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Purple family double dip

Another long form interview courtesy of the dreaded lurgy. Eddie Trunk did a “double dip” on his latest (September 2) podcast by talking to Graham Bonnet and Roger Glover. Roger’s segment starts at around 7’00” into the podcast, and Graham’s at 48’25”.

Selected quotes from Roger talking about Ritchie Blackmore when asked if he thinks Ritchie’s sullenness and even outright hostility is “somewhat of a put-on to create all this mystery around him or if that’s really how Blackmore is wired”:

I think both. I think he is wired that way, but then enjoys it — he enjoys putting people on edge and people not quite knowing what he’s up to. That’s his personality, I guess. But he’s, first and foremost, a musician, and you’ve gotta take the music away from the man. ‘Cause the music alone is brilliant — he was an incredible player, an auteur, an instigator. He was on his road, and we were with him on that road for a while.

When he asked me to join Rainbow, I said, ‘Well, I don’t want any more changes. Let’s have a consistency going.’ That didn’t happen. But that’s what I wanted.

He’s mercurial and he follows his instincts. When I got sort of eased out of [Deep Purple] in ’73, on the very last gig, he didn’t say anything to me except pass me on the stairs, and he said, ‘It’s not personal. It’s business.’ And that actually meant a lot, because I was going through hell being thrown out of the biggest band in the world at the time. From him, he was sincere about that — it wasn’t personal. And we always seemed to get along pretty well. I never expected him to turn around and ask me to produce Rainbow. And that’s where I was when we did the album — we started it without a bass player, without a singer, so I ended up playing bass and writing all the songs with him. And it was only when the album was finished that Don Airey and Cozy Powell said, ‘How come you’re not in the band?’ So, I guess words were had and eventually I got asked into the band. So that’s how I joined Rainbow.

It was a different setup to Purple. Purple was a democratic unit, more or less, but Rainbow was his — he was the governor,” Glover added. “So I understood that. When we had Purple again, on ‘Perfect Strangers’, it came back to being almost as democratic as it was in the early days, but it wasn’t quite, ’cause Ritchie got so used to being the man in charge.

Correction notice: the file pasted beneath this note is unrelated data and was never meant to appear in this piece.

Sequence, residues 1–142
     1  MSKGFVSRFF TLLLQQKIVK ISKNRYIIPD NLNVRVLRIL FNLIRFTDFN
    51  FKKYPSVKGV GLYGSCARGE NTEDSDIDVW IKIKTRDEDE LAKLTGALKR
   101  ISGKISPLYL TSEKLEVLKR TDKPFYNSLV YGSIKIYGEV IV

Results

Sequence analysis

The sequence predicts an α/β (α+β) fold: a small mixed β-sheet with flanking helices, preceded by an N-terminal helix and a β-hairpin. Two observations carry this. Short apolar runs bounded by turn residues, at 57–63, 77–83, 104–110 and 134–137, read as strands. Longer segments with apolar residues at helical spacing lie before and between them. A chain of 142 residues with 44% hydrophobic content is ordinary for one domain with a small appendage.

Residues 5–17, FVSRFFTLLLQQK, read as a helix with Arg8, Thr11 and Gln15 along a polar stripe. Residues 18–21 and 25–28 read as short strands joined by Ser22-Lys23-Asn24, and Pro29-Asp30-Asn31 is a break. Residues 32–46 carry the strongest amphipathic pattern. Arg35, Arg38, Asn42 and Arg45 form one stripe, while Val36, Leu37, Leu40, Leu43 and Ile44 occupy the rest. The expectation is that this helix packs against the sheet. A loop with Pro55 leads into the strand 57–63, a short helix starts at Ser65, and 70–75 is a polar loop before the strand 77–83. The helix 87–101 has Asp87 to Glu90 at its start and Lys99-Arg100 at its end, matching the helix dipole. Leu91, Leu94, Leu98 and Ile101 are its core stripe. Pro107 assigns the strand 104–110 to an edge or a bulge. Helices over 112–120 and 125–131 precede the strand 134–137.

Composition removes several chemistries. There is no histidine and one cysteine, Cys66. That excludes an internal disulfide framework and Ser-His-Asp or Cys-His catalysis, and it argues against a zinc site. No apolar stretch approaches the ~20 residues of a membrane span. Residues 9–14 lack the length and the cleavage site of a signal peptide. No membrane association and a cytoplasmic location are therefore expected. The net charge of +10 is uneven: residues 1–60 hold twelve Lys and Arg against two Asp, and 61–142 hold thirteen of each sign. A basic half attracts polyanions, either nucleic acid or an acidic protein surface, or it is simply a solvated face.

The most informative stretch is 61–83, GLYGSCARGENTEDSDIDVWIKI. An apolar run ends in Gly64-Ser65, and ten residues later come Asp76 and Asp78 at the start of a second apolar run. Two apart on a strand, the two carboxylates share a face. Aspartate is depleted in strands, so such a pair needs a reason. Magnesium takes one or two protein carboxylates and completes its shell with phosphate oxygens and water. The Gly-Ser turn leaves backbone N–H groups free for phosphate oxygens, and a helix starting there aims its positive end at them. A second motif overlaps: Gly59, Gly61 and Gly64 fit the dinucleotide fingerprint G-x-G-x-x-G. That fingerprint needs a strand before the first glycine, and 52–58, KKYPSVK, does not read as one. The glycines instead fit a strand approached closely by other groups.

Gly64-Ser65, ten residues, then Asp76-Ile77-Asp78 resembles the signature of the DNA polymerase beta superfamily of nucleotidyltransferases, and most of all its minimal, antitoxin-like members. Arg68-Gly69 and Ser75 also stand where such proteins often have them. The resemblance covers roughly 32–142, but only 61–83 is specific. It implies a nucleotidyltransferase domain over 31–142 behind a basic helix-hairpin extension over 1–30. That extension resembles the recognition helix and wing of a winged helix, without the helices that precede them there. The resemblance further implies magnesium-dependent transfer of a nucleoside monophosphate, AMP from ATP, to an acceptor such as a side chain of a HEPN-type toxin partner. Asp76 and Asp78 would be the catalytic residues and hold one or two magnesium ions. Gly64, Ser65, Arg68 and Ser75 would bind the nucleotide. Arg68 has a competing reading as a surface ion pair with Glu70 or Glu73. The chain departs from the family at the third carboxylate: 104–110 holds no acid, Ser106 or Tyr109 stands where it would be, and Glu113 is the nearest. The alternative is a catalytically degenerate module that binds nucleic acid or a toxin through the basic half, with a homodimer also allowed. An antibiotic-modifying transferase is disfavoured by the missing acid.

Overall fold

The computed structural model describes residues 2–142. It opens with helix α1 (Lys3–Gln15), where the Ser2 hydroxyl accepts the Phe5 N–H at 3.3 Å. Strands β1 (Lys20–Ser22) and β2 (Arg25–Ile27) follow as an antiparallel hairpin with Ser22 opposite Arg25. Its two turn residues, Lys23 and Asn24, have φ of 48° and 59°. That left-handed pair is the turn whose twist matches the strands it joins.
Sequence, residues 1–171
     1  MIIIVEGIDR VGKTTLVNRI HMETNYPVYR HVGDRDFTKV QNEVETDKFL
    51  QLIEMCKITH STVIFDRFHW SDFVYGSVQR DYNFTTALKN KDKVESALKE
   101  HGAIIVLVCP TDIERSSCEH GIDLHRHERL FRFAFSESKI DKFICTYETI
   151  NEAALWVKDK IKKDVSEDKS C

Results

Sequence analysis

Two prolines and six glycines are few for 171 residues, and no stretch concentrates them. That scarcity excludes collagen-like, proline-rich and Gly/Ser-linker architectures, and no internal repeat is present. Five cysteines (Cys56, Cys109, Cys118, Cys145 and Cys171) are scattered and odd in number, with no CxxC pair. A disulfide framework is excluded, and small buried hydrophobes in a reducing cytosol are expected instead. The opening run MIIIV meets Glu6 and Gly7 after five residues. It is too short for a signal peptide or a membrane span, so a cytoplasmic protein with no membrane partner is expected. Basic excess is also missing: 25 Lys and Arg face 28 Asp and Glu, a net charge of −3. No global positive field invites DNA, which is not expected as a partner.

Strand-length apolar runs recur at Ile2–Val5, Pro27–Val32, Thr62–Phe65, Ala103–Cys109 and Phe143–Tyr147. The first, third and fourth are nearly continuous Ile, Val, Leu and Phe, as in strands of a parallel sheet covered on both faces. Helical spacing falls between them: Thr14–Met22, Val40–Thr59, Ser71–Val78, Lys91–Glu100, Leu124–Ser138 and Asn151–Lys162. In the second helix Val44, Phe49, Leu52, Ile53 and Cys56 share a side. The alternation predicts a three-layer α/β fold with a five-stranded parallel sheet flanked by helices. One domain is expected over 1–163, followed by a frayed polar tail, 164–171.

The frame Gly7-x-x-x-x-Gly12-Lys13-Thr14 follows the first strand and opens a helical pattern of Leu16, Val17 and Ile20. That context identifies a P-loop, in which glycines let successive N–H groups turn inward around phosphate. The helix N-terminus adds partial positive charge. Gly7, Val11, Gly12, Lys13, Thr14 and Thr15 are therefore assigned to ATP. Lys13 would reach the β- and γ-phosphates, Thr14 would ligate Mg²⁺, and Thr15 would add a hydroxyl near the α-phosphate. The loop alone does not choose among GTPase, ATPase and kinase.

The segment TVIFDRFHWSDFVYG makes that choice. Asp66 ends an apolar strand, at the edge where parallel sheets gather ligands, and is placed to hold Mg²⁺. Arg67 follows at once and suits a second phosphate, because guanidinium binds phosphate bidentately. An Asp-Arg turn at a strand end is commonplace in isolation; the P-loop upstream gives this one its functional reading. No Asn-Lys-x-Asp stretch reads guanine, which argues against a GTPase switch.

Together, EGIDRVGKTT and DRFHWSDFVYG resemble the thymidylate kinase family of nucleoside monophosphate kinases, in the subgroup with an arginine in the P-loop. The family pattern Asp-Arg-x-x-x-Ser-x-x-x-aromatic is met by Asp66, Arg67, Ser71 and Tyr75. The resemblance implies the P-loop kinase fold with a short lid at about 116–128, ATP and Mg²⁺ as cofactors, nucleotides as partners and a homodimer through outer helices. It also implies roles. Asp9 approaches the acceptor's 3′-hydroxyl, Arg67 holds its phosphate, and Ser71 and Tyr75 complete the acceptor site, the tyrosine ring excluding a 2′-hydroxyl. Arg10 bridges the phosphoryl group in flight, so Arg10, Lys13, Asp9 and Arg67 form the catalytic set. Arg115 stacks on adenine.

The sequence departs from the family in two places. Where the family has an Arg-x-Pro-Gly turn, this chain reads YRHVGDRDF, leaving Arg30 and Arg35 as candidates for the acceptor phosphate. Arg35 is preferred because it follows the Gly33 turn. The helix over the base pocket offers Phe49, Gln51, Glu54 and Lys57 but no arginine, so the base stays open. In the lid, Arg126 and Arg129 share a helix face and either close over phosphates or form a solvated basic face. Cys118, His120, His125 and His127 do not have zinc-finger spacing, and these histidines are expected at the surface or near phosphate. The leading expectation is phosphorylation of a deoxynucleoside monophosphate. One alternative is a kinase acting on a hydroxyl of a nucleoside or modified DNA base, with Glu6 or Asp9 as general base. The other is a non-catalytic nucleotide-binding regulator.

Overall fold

Ritchie, whatever he wants to do, he’s gonna do it anyway. I think he’s on his road, the road of his own making. And I can completely understand that. He believes in himself as an artist much more than a celebrity.

Thanks to Blabbermouth for the heads up and the quotes.



3 Comments to “Purple family double dip”:

  1. 1
    Adel Faragalla says:

    I loved the interview with Mr Glover. I urge you to listen to it from beginning to end if you have skipped some parts.
    F*** this corona virus I would give anything to watch my long time loved band one last time.
    This is not the way I wanted the band I love so much to say goodbye.
    I don’t know how to contain my sadness but we live in hope.
    My band won’t be whoosh away without a fight so fingers up yours Corona!!

  2. 2
    Bo Finn Poulsen says:

    As always it’s impossible NOT to love Roger. What a man.

  3. 3
    rock voorne says:

    is DOWN TO EARTH still Don Aireys favourite album he played on or did he change his mind?
    After all, he did put a lot of himself in this incarnation of Deep Purple.

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